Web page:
Professor Kübler publishes research on cross-cultural price and eWoM sensitivities in Journal of Marketing

Professor Kübler published a study on how a country’s culture and socio-economic background influences consumers’ price- and electronic word of mouth sensitivities in the prestigious Journal of Marketing, which is considered to be the leading academic marketing journal.

Together with Professors Koen Pauwels (Northeastern University, Boston) and Gökhan Yildirim (Imperial College, London) as well as Dr. Thomas Fandrich, founder and CTO of quantilope, he analyzed a set of the top 20 selling apps in the world. “Together we extracted more than 250,000 data points for 60 countries from Apple’s famous App-Store,” explains Professor Kübler. “Using an innovative multi-level econometric model that accounts for each country’s specific setting, we were able to obtain country-specific estimates for price- and word-of-mouth sensitivities.”

The team was surprised to see very heterogeneous effects across countries for price promotions, rating volume as well as rating valence. Despite having a true globalized product such as gaming-, sport-, business-, and health-apps, sensitivities tremendously vary across countries. “This made us even more curious, so that we started to collect country-specific data such as e.g. a population’s average risk aversion, power distance, average income, and income distribution, as well as mobile internet accessibility and smartphone penetration, to see if we could systematically explain the identified differences,” continues Professor Kübler.

In this second analytical step, the international research team was able to find significant effects, pointing out that mostly the cultural factors drive differences, whereas socio-economic factors such as e.g. GDP and education level play no or only a minor role. However, price sensitivity is higher in countries with higher masculinity and uncertainty avoidance (such as Italy and Malaysia). The first finding is likely due to the fact that the apps, which were mostly games, align with stereotypically masculine values.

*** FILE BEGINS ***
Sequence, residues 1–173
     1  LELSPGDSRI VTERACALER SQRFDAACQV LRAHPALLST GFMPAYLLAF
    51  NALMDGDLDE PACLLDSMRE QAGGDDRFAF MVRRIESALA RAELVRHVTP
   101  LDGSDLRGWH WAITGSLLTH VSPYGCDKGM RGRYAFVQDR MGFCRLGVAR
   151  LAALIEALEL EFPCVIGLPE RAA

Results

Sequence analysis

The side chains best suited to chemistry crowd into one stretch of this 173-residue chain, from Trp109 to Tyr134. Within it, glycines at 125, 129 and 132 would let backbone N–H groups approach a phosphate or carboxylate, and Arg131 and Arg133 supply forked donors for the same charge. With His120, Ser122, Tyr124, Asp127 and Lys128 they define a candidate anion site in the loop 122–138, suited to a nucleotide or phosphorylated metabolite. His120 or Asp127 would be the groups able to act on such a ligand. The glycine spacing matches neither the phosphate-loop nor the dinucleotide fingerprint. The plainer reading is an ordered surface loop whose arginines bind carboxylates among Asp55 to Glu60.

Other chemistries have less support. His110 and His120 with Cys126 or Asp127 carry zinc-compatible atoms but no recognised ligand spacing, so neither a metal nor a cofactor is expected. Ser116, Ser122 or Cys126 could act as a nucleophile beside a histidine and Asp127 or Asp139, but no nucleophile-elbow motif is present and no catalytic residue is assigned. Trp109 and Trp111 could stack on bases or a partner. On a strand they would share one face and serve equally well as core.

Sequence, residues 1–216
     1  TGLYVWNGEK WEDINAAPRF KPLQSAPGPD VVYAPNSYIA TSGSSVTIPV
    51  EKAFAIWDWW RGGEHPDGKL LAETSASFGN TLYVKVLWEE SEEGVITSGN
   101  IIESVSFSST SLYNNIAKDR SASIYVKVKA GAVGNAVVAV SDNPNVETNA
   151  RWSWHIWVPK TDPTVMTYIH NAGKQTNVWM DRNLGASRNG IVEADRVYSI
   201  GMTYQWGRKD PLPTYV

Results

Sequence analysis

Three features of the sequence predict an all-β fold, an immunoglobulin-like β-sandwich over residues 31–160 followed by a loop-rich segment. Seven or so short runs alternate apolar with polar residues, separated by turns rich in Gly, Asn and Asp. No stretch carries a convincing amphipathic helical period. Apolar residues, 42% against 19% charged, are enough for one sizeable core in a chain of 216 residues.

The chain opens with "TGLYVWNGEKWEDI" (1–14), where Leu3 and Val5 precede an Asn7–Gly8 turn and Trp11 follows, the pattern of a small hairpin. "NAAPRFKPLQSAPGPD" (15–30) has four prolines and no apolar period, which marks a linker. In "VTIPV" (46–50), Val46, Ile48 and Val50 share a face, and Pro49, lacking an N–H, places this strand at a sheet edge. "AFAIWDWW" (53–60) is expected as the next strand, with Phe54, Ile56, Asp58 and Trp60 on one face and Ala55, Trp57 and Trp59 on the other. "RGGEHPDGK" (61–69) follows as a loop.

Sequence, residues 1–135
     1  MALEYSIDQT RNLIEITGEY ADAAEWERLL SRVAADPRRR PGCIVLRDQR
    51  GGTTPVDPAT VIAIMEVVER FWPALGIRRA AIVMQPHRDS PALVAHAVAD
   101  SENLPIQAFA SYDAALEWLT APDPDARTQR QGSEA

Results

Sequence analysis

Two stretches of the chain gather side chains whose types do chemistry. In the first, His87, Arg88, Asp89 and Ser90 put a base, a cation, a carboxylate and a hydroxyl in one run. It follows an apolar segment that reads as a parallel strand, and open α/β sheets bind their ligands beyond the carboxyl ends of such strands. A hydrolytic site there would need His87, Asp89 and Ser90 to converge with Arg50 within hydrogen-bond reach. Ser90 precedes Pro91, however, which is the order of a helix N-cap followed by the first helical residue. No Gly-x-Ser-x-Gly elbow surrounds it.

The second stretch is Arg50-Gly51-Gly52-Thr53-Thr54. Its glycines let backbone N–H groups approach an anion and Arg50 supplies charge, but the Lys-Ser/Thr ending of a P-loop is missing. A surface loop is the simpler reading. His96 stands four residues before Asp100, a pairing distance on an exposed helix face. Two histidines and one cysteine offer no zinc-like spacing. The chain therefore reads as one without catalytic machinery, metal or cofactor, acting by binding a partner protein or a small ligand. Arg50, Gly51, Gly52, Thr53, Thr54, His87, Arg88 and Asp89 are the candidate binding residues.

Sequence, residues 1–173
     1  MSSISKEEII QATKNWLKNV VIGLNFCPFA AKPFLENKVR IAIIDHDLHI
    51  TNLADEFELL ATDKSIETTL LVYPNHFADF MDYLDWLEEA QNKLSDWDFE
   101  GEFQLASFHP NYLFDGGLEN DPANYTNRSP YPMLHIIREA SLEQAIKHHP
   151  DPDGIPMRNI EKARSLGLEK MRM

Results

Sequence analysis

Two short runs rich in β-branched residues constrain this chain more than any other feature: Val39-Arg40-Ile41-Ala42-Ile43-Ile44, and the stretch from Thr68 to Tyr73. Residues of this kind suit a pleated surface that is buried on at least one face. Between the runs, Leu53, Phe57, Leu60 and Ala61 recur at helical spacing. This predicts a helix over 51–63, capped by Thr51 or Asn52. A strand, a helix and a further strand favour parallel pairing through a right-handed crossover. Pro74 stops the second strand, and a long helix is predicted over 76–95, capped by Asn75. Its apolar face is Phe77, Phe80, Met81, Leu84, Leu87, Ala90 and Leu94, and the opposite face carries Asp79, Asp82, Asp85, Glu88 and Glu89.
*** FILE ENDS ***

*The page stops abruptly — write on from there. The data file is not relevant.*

Rating valence sensitivity is higher in countries with higher individualism and uncertainty avoidance (such as the US, France, and Czech Republic). Individualistic cultures place more stock in anonymous ratings, whereas collectivist cultures favor word of mouth. Similarly, customers seeking to avoid uncertainty depend on ratings to make purchase decisions. 

Ratings volume sensitivity is higher in countries with higher power distance and uncertainty avoidance (such as Luxembourg, El Salvador, and Portugal). App popularity, with correspondingly high ratings, increases trust with uncertain customers and wealthy customers, who are more willing to trust anonymous strangers than those in less affluent markets. 

The research team found the highest price and ratings volume sensitivities for countries high in uncertainty avoidance but low in income inequality (such as Thailand). The lowest price and ratings volume sensitivities were found in case of countries low in uncertainty avoidance but high in income inequality (such as Spain). 

“Our research provides important insights for app developers,” explains Professor Kübler. “Launching an app costs by average 140,000 USD and a well-managed app has an average monthly revenue averaging $3,200 to $8,100. Such apps can be easily buried among millions of competitors in app stores. Fine-tuning pricing and rating strategies can help mean the difference between success and failure. We provide in our paper detailed tables and figures, highlighting sensitivities in all 60 countries. In addition we estimate with the help of culture and socio-economic factors sensitivities for all countries worldwide, even for those not included in our sample and report these in the paper, too.“ Developers trying to adapt their price promotions or to react to rating changes can use this information to localize their marketing efforts.“ Even though our data is limited to mobile apps and the Apple App Store, we strongly believe that our findings apply to other similar platforms such as e.g. Gaming Platforms like Steam, the different Android based App stores, but also to any sort of digital product that sells online,” concludes Professor Kübler.

The study “App Popularity: Where in the World Are Consumers Most Sensitive to Price and User Ratings?“ with all materials can be found here.

Log Ratio of Estimated Ratings Valence and Volume Effects on App Popularity:

World Map of Estimated and Predicted Price Sensitivities:

World Map of Estimated and Predicted Ratings Valence Sensitivities: